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Assuming that a reusable glass bottle would need tevila if you choose to keep it for long term use, which may or not be true, but lets start with that assumption.

In order to change a nonjewish made keli into a jewish made keli in order to nullify the need for tevila, a two step process is necessary according to the Shach in Yoreh Deah siman 120 siff kattan 21 & Pischei Tshuva there s.k. 1.

Step 1. The kli must be made unusable from its original state. Such as making a hole in it where it can no longer hold a reviis (around 3.5 onces).

Step 2. A Jew now makes it usable. Such as plugging the hole.

I am not sure how exactly you make your glasses, i.e. do you keep the bottom part? The neck part? Do you then melt or glue them together? If you feel that the above requirements are satisfied, than enjoy your new tevila-less glasses.

One more side point is I have seen in the name of Rav Elyashev that the work done to alter the keli must qualify as maaseh uman, skilled labor, not something the average person would normally do. It seems your case fills this requirement.

Edit. This is all going with the assumption that a regular wine bottle as is would need tevila for future use. There is a tshuva in the Igros Moshe (as mentioned by @Ish Plony in the comments) in Yoreh De'ah 2 #137 in the second to last subject where he says a kli com a food item can be batul to the food if it is not a fancy kli. It would then not need tevila for reuse, even left as is. He does not discuss altering it. This should cover all wine bottles and most whisk bottles as well.

Assuming that a reusable glass bottle would need tevila if you choose to keep it for long term use, which may or not be true, but lets start with that assumption.

In order to change a nonjewish made keli into a jewish made keli in order to nullify the need for tevila, a two step process is necessary according to the Shach in Yoreh Deah siman 120 siff kattan 21 & Pischei Tshuva there s.k. 1.

Step 1. The kli must be made unusable from its original state. Such as making a hole in it where it can no longer hold a reviis (around 3.5 onces).

Step 2. A Jew now makes it usable. Such as plugging the hole.

I am not sure how exactly you make your glasses, i.e. do you keep the bottom part? The neck part? Do you then melt or glue them together? If you feel that the above requirements are satisfied, than enjoy your new tevila-less glasses.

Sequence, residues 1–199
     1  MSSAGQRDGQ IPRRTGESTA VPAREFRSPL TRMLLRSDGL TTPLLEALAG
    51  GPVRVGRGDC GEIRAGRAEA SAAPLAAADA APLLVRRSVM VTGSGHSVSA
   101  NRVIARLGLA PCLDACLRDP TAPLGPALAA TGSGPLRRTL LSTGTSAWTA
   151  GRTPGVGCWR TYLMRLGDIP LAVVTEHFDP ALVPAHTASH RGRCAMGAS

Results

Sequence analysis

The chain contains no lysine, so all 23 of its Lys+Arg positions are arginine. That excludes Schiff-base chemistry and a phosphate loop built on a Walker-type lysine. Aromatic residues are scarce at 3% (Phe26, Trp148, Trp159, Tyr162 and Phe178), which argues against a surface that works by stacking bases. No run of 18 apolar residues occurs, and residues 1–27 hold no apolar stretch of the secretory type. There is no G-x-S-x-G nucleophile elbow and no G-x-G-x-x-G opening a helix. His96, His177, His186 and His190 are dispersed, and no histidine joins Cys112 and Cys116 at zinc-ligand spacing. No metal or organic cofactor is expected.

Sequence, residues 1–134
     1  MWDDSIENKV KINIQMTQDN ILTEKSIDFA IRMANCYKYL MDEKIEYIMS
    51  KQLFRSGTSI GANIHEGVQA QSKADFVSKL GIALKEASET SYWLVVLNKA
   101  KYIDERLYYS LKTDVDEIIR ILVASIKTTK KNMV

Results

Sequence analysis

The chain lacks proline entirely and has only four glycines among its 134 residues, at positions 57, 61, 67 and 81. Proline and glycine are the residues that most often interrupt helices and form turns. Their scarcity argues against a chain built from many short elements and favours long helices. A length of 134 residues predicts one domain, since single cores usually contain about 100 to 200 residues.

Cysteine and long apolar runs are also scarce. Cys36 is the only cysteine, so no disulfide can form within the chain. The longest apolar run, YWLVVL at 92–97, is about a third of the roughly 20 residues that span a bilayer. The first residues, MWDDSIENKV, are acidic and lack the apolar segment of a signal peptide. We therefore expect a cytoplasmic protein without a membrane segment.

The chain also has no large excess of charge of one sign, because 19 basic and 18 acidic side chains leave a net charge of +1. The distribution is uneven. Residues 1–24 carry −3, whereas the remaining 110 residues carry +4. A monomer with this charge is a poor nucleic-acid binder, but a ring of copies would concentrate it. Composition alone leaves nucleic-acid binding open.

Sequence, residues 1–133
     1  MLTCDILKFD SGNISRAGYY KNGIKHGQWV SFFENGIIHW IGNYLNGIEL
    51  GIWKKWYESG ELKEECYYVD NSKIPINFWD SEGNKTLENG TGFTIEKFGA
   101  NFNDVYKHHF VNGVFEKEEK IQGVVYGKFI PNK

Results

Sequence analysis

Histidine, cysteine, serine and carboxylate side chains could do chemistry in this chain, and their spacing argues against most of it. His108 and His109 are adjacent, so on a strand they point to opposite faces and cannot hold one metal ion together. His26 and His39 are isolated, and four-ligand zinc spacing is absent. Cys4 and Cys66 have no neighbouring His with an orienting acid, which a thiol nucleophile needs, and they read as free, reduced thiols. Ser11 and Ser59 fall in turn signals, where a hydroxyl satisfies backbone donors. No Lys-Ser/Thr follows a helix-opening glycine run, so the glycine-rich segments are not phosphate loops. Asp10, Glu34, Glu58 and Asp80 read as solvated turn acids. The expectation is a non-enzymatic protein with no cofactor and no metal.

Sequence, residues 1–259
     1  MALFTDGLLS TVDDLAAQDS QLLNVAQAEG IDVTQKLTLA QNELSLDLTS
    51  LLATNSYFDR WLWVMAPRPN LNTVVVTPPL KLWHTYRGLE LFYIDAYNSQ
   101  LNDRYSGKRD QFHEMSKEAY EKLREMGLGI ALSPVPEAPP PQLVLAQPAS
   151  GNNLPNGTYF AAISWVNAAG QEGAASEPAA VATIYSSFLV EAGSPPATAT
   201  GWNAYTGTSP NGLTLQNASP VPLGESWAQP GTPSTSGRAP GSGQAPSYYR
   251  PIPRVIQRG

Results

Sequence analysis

One more side point is I have seen in the name of Rav Elyashev that the work done to alter the keli must qualify as maaseh uman, skilled labor, not something the average person would normally do. It seems your case fills this requirement.

Assuming that a reusable glass bottle would need tevila if you choose to keep it for long term use, which may or not be true, but lets start with that assumption.

In order to change a nonjewish made keli into a jewish made keli in order to nullify the need for tevila, a two step process is necessary according to the Shach in Yoreh Deah siman 120 siff kattan 21 & Pischei Tshuva there s.k. 1.

Step 1. The kli must be made unusable from its original state. Such as making a hole in it where it can no longer hold a reviis (around 3.5 onces).

Step 2. A Jew now makes it usable. Such as plugging the hole.

I am not sure how exactly you make your glasses, i.e. do you keep the bottom part? The neck part? Do you then melt or glue them together? If you feel that the above requirements are satisfied, than enjoy your new tevila-less glasses.

One more side point is I have seen in the name of Rav Elyashev that the work done to alter the keli must qualify as maaseh uman, skilled labor, not something the average person would normally do. It seems your case fills this requirement.

Edit. This is all going with the assumption that a regular wine bottle as is would need tevila for future use. There is a tshuva in the Igros Moshe (as mentioned by @Ish Plony in the comments) in Yoreh De'ah 2 #137 in the second to last subject where he says a kli com a food item can be batul to the food if it is not a fancy kli. It would then not need tevila for reuse, even left as is. He does not discuss altering it. This should cover all wine bottles and most whisk bottles as well.

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Assuming that a reusable glass bottle would need tevila if you choose to keep it for long term use, which may or not be true, but lets start with that assumption.

In order to change a nonjewish made keli into a jewish made keli in order to nullify the need for tevila, a two step process is necessary according to the Shach in Yoreh Deah siman 120 siff kattan 21 & Pischei Tshuva there s.k. 1.

Step 1. The kli must be made unusable from its original state. Such as making a hole in it where it can no longer hold a reviis (around 3.5 onces).

Step 2. A Jew now makes it usable. Such as plugging the hole.

I am not sure how exactly you make your glasses, i.e. do you keep the bottom part? The neck part? Do you then melt or glue them together? If you feel that the above requirements are satisfied, than enjoy your new tevila-less glasses.

One more side point is I have seen in the name of Rav Elyashev that the work done to alter the keli must qualify as maaseh uman, skilled labor, not something the average person would normally do. It seems your case fills this requirement.